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Google's first coronavirus screening site from Verily is live — and very limited

(Image credit: PK Studio / Shutterstock)

Google and one of its parent company's subsidiaries have created coronavirus sites to inform and assess users. They're more limited than you might think, and aren't quite what was promised by the President in a recent speech. But these tools could certainly help people, and maybe the whole of the US in the coming months.

Verily and Project Baseline

Verily, a life sciences company owned by Google's parent company Alphabet, has begun trials of a web page that can screen for coronavirus and refer users in the San Francisco area to testing sites. This is a part of its Project Baseline health tracking initiative (via CNBC and The Verge). 

To use the site, you need to sign in with your Google account, and complete an authorization form which allows the site to share your personal details with various official bodies. You also need to be over 18, an English speaker and be a US resident currently living in either San Mateo or Santa Clara county.

If the screener decides you could have contracted the virus, based on your occupation, recent travel and contact with any confirmed cases, you will then be directed to a local testing site for a physical test, depending on capacity. However, if you report any of the major signs of a COVID-19 infection, such as severe coughing, fever or shortness of breath, the test will end and you will be instructed to seek medical attention away from the testing sites.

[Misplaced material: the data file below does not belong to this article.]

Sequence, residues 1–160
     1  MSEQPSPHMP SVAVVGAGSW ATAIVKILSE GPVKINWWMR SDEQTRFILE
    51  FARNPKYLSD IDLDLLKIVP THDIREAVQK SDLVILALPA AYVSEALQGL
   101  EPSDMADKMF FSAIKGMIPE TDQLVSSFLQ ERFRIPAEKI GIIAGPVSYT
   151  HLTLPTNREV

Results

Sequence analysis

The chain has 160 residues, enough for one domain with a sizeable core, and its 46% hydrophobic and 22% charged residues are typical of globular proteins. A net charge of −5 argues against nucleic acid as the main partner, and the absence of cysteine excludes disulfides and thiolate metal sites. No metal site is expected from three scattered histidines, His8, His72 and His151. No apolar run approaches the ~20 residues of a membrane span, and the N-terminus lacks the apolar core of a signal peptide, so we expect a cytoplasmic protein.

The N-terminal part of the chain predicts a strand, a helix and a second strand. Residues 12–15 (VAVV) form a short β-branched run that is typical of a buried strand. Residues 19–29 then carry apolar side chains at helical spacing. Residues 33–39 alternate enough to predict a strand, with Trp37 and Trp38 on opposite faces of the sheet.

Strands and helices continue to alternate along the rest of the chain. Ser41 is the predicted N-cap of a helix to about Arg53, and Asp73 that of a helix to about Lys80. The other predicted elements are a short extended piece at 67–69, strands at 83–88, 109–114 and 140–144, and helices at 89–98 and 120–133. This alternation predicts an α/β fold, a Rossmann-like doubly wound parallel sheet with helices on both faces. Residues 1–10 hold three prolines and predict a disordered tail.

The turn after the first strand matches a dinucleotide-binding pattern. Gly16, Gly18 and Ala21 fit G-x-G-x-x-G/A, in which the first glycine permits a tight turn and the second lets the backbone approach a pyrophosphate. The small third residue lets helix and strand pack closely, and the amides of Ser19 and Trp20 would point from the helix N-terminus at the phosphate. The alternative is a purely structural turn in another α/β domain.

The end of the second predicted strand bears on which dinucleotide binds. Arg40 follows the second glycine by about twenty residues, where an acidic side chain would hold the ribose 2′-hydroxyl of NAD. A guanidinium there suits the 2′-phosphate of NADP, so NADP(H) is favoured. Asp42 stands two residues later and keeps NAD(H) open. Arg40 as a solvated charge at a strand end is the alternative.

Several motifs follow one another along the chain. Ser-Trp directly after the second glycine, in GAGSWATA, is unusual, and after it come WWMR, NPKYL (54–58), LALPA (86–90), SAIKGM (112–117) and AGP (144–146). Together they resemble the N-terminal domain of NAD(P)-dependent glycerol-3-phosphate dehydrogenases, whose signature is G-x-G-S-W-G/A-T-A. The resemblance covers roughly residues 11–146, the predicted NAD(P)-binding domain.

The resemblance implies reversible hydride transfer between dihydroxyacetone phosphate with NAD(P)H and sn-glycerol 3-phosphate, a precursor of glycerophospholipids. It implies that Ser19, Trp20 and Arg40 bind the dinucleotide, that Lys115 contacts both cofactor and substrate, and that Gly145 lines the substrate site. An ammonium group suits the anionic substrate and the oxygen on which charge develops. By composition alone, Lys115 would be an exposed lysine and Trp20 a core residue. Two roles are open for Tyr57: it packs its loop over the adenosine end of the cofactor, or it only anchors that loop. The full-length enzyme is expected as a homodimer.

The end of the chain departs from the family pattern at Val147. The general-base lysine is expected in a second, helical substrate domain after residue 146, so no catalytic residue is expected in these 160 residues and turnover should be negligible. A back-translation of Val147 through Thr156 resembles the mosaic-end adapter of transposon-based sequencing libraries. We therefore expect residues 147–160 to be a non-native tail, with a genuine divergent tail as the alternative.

Verily has plans to expand the site to the whole of the United States, but gave no timeline as this is dependent on the availability of test kits and sites. However, there is speculation that this project is more about surveying a wide swathe of the US population to figure out who may have the virus without physical testing, rather than trying to act as a virtual triage service.

Google's COVID-19 information site

The Verily project was initially announced prematurely and inaccurately by President Donald Trump in a press conference on Friday last week. While there was briefly some confusion over what exactly was being announced and who was running it, Google has since made its own announcement. The company shared a blog post by CEO Sundar Pichai about how it's trying to stamp out coronavirus misinformation with its plans for a coronavirus information website.

Vice President Mike Pence has also mentioned that other tech companies are working with the US government, and that a national diagnosis site like the one suggested by the President could still be made. However no specific details have yet to emerge.

The fact that you need to attach your Google account to your test results is concerning in terms of user data and privacy, and the limited availability means this Verily project may not have a major effect for the time being. However, for people who think they may be at risk, this resource could form a small but important part of the fight against the coronavirus pandemic.